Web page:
Think about it. What do you say when you open up a new shirt? Simple. You say, "Oh, wow. A new shirt." And when you open up a new game, you say, "Oh, wow. A new game." But if you're not exactly sure what it is you're looking at, that's when you say, "Oh, wow. Look at this."

My father took his present out of the box and began examining it more carefully. He was trying his best to figure out what it was.

Finally, he unfolded it and put his hand inside. "Oh, boy. I've always wanted one of these," he said.

It was so embarrassing I couldn't stand it.

"It doesn't go on your hand, Dad," I said at last. "It goes on your head. It's a chef's hat. You're supposed to wear it outside when you barbecue."

Dad laughed. "Oh, right! A chef's hat! Of course! A chef's hat!" he said.

He put it on his head. "Just call me Chef Boyardee!" he said in this ridiculous Italian accent.

By then, my mother was laughing, too.

I wasn't laughing at all. The reason I wasn't laughing was simple. It was not supposed to be a funny gift. If I had wanted to get a funny gift, I would have bought rubber vomit.

Anyway, by this time I guess my father could see that my feelings were hurt. He took off the hat and stopped clowning around.

He came over and hugged me. "Thanks a lot, Charlie," he said. "I really do like it. As a matter of fact, I think I'll barbecue tonight so I can wear it right away."

"Yeah, sure, Dad," I answered, trying to act cool. But inside, I felt awful.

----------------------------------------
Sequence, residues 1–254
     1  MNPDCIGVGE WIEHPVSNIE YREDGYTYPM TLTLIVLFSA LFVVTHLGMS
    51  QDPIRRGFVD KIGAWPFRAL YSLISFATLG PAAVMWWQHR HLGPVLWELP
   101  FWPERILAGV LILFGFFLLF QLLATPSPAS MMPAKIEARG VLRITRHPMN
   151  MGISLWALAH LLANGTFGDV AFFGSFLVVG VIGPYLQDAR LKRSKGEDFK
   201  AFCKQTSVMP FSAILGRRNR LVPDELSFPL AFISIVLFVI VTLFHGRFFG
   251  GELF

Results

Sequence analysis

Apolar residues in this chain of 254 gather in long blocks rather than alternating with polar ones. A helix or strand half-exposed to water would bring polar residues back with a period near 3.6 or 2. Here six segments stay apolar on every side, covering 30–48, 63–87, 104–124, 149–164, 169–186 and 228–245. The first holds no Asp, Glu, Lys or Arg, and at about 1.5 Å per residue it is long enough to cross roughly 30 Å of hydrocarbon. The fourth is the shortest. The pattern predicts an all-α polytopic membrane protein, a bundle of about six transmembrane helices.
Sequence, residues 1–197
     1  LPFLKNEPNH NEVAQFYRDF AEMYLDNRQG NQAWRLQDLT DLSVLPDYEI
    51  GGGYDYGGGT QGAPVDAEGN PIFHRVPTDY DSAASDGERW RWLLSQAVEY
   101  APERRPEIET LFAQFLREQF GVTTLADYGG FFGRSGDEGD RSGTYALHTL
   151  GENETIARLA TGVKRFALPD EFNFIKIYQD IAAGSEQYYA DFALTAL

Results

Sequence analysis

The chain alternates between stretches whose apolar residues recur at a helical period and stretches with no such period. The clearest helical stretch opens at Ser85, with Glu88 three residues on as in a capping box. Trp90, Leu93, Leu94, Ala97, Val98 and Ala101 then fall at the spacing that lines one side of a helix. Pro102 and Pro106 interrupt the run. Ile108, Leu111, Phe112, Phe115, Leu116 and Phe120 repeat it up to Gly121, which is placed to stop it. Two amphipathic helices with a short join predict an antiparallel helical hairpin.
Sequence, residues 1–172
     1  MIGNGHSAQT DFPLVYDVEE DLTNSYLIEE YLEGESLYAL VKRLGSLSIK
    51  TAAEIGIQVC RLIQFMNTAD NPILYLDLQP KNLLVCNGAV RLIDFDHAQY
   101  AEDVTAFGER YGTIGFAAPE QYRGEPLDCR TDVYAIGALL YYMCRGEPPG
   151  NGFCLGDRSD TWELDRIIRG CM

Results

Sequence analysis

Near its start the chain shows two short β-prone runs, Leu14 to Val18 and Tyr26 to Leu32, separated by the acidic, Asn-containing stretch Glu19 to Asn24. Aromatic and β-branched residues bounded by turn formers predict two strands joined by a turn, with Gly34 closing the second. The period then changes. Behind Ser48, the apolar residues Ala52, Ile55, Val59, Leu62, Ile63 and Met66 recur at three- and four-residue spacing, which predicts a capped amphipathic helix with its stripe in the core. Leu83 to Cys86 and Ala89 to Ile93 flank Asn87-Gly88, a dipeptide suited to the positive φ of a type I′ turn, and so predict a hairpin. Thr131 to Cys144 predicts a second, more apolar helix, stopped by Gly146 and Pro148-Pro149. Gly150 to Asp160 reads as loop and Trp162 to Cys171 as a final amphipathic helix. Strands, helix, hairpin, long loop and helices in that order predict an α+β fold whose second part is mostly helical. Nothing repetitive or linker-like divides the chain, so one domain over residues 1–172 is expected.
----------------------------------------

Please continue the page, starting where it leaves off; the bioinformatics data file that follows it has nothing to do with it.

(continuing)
Since then, my father's worn the chef's hat two or three times, probably. But I'm pretty sure he only put it on when he thought I was watching.

And if that's true, I guess I won't be seeing him wear it very much around here anymore.

Because two weeks after his birthday, my father moved out of the house.

He and my mother are getting a divorce.


Divorce. To me, that word never really meant much. I think it's one of those words like death. You know that it happens to a lot of people, but as long as it's not you, you don't pay much attention.

As a matter of fact, I don't ever remember seeing divorce spelled before. I'm positive it's never been on any of my spelling lists at school. Come to think of it, neither has death. I guess you're supposed to learn how to spell all the sad words on your own.

I looked it up in my dictionary. It said: divorce/dih-vors'/n. 1. a complete legal breaking up of a marriage. 2. complete separation.

Well, that may be what the dictionary thinks divorce is, but I'll tell you what it really is.

Divorce is like watching your parents back the car over your brand-new bicycle. You can see what's about to happen, but the car is already moving.

You shout, "STOP! STOP!" But no one hears you. So you just stand there and watch the tires of the car crush your bike as flat as a pancake. And you get this terrible, sick feeling inside you, like you're going to throw up or faint or something.

You cry, but it doesn't help. Your parents say they're sorry, but that doesn't help, either.

Nothing helps.

It's all smashed to pieces, and it will never be the same.

That's divorce.
Barbara Park

About Barbara Park

Barbara Park - Don't Make Me Smile

Photo © PamelaTidswell